As you can see, modifying `original_list` does not affect `copied_list`.

## Assign Values to a Slice (Slice Assignment)

Python provides the ability to assign values to a slice of a list. This operation is often referred to as ‘slice assignment’.

### How to Update Items?

You can use the slice assignment to change a portion of the list.
Here’s an example to demonstrate this:

```my_list = [1, 2, 3, 4, 5, 6]

my_list[1:4] = ['a', 'b', 'c']
print(my_list)
```

Output:

```[1, 'a', 'b', 'c', 5, 6]
```

In this example, we assigned the list `['a', 'b', 'c']` to the slice from index 1 to 4 of `my_list`.

As a result, the second, third, and fourth elements of `my_list` were replaced.

### How to Append Items?

You can append new items to an existing list using slice assignment without overwriting any items like this:

```my_list = [1, 2, 3, 4, 5]
my_list[len(my_list):] = [6, 7, 8]
print(my_list)
```

Output:

```[1, 2, 3, 4, 5, 6, 7, 8]
```

In this example, `my_list[len(my_list):]` is an empty slice starting at the end of the list.

By setting this slice to `[6, 7, 8]`, we append these items at the end of the list without overwriting any existing items.
This is essentially equivalent to using the `list.extend()` method or the `+=` operator, but it demonstrates the versatility of Python’s slice assignment.

### How to Insert Items in the Middle?

You can insert items in the middle of a list without removing any existing elements using slice assignment.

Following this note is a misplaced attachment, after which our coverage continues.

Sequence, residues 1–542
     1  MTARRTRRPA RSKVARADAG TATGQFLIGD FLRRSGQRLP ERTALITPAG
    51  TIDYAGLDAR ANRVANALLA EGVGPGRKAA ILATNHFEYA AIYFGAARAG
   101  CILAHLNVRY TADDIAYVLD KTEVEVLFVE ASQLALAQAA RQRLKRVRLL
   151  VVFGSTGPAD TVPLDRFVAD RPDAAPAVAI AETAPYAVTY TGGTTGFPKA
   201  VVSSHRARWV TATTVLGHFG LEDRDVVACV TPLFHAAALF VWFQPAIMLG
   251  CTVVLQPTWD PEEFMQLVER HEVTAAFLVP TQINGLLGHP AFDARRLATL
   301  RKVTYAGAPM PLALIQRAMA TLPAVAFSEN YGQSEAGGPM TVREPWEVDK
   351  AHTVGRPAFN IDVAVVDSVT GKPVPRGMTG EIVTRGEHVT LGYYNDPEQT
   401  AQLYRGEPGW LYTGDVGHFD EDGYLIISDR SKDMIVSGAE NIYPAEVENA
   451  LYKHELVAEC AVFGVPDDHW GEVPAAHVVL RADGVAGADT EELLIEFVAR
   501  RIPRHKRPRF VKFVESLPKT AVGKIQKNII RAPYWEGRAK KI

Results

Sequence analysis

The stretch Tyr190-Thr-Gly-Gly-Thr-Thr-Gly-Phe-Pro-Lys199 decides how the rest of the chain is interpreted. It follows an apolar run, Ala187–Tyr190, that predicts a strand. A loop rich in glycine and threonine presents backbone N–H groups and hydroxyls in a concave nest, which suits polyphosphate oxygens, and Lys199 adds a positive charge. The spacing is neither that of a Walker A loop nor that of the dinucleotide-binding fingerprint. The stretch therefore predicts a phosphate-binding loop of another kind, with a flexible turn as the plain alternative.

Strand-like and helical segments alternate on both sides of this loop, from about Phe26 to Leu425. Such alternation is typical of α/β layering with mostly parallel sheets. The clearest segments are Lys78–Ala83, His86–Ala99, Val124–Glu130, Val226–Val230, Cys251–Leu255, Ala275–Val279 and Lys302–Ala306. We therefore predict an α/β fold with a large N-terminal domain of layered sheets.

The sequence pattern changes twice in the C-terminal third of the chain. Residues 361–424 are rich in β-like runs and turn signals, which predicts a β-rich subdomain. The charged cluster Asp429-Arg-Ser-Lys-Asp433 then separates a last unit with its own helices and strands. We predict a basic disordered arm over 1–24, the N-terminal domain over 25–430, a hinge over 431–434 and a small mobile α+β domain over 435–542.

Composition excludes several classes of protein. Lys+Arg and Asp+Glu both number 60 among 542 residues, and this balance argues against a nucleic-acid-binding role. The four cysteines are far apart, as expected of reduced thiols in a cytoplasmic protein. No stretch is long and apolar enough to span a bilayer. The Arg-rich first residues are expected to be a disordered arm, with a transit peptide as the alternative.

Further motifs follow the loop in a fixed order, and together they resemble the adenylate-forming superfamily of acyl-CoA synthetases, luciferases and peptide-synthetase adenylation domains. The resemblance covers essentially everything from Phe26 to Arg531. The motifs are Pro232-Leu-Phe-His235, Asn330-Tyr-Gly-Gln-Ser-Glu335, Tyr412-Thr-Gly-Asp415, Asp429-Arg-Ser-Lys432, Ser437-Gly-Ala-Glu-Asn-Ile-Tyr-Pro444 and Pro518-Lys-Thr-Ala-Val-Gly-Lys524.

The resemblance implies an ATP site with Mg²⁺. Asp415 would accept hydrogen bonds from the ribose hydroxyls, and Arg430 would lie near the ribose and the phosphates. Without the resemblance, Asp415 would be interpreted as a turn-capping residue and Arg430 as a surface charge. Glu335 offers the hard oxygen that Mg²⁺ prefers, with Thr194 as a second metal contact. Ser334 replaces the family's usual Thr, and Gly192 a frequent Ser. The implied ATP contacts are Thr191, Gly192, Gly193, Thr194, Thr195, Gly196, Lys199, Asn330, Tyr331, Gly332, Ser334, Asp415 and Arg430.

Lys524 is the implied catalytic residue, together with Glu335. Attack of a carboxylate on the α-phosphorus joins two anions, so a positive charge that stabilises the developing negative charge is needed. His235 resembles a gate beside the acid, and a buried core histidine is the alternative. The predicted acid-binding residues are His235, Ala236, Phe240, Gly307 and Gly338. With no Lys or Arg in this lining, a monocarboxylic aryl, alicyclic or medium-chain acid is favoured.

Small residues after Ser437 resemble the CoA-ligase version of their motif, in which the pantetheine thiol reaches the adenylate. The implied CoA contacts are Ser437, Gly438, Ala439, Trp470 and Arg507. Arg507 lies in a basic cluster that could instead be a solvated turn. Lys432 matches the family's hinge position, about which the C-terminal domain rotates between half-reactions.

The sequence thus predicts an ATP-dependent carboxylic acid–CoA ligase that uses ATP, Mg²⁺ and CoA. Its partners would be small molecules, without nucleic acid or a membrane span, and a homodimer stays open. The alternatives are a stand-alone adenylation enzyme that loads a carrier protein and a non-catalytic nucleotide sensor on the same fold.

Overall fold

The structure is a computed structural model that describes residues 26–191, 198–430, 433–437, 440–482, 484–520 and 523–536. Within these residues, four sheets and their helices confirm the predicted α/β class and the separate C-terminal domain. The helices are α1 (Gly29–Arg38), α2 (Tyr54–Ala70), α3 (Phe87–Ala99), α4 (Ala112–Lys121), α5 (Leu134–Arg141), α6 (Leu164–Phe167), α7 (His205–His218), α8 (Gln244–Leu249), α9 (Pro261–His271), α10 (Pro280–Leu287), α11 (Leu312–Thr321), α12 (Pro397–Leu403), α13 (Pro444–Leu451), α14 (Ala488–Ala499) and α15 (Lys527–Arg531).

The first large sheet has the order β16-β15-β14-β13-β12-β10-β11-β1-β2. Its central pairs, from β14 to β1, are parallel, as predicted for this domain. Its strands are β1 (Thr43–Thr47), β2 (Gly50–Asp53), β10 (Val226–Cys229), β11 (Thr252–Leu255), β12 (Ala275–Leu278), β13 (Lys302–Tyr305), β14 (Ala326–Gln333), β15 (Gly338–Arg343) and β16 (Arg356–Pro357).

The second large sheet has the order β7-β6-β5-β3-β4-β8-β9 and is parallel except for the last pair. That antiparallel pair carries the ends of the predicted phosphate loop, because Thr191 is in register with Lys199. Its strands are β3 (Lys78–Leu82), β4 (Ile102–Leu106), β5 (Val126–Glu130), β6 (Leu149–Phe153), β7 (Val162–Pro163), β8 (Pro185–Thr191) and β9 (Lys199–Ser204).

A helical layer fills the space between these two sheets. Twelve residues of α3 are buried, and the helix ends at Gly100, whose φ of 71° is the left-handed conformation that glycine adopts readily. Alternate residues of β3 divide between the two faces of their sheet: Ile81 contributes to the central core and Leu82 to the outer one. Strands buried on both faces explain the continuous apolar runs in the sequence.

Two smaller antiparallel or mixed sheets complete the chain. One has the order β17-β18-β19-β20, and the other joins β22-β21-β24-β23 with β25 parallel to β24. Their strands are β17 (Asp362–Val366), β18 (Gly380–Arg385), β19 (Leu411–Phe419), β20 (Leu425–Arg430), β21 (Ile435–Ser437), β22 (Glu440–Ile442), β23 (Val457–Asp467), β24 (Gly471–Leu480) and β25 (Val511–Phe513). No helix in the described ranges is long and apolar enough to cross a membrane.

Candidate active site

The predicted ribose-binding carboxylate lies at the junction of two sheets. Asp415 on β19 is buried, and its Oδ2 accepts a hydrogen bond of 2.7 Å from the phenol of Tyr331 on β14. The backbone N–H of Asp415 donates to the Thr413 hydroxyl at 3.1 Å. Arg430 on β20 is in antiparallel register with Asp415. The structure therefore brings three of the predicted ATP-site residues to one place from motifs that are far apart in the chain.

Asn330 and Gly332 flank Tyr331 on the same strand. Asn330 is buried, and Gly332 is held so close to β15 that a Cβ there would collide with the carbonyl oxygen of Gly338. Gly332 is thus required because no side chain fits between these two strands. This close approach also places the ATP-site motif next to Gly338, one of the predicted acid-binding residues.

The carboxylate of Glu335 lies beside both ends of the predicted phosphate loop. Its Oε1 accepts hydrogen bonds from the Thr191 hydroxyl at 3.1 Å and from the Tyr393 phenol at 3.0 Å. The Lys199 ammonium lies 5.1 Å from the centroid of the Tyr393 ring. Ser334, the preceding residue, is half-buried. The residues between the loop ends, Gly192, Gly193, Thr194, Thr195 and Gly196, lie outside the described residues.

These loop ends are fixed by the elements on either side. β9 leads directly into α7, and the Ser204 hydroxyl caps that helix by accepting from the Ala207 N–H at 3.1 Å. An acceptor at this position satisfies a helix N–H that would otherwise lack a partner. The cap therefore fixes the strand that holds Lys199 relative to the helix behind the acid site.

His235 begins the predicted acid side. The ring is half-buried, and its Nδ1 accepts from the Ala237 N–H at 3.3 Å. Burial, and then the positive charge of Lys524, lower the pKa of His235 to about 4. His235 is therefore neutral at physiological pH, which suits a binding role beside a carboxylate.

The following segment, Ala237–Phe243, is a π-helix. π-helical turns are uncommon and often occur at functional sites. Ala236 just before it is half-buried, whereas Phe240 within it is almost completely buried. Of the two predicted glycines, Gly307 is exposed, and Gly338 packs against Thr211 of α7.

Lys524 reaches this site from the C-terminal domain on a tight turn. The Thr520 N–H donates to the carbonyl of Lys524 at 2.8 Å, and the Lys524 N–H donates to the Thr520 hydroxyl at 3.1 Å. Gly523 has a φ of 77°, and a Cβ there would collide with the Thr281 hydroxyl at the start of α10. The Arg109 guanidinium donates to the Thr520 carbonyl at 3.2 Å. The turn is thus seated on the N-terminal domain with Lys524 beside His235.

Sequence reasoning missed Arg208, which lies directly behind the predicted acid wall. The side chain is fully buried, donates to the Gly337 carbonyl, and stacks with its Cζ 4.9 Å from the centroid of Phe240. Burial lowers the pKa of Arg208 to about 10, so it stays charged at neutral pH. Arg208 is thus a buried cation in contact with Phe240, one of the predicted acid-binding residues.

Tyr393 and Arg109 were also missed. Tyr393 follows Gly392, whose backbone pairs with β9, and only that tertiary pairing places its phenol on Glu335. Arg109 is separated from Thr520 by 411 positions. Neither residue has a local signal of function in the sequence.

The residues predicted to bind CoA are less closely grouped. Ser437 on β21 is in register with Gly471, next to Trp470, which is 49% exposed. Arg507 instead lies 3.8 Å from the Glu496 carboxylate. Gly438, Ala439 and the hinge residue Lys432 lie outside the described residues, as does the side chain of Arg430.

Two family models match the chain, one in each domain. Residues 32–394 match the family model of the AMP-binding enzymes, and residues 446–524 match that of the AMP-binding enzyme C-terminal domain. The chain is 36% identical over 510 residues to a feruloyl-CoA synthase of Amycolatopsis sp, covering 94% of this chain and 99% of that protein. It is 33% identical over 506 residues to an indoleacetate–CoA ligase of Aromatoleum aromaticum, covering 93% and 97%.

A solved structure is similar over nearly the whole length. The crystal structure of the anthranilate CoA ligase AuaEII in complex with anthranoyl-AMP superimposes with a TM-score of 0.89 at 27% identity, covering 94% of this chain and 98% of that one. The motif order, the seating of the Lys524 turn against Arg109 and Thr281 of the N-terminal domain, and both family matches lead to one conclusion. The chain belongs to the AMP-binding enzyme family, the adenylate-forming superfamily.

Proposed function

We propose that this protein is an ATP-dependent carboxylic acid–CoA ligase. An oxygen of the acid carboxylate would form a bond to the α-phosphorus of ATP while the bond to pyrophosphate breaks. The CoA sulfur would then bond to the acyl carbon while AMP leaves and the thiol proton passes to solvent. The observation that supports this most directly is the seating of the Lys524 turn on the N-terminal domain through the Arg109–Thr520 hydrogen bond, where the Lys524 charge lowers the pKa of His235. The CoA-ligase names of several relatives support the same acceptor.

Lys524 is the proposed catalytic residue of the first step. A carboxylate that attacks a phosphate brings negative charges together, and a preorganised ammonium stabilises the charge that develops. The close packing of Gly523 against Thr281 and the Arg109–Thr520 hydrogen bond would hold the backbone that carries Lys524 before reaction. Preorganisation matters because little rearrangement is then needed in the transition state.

Here’s how you can do it:

```my_list = [1, 2, 4, 5]
my_list[2:2] = [2.5, 3]
print(my_list)
```

Output:

```[1, 2, 2.5, 3, 4, 5]
```

In this example, `my_list[2:2]` is an empty slice at the position where we want to insert the items. By setting this slice to `[2.5, 3]`, we insert these items at this position without overwriting any existing items.

The slice’s start and end are at the same index, so no elements from the original list are removed or replaced.

### How to Delete Items?

By setting a slice of a list to an empty list, you can effectively delete those items.
Here’s how it works:

```my_list = [1, 2, 3, 4, 5, 6, 7, 8, 9]
my_list[2:5] = []
print(my_list)
```

Output:

```[1, 2, 6, 7, 8, 9]
```

In this example, we deleted a slice of the list from index 2 to index 5. By setting this slice to an empty list, we removed these items from the list.
Keep in mind that this operation modifies the original list.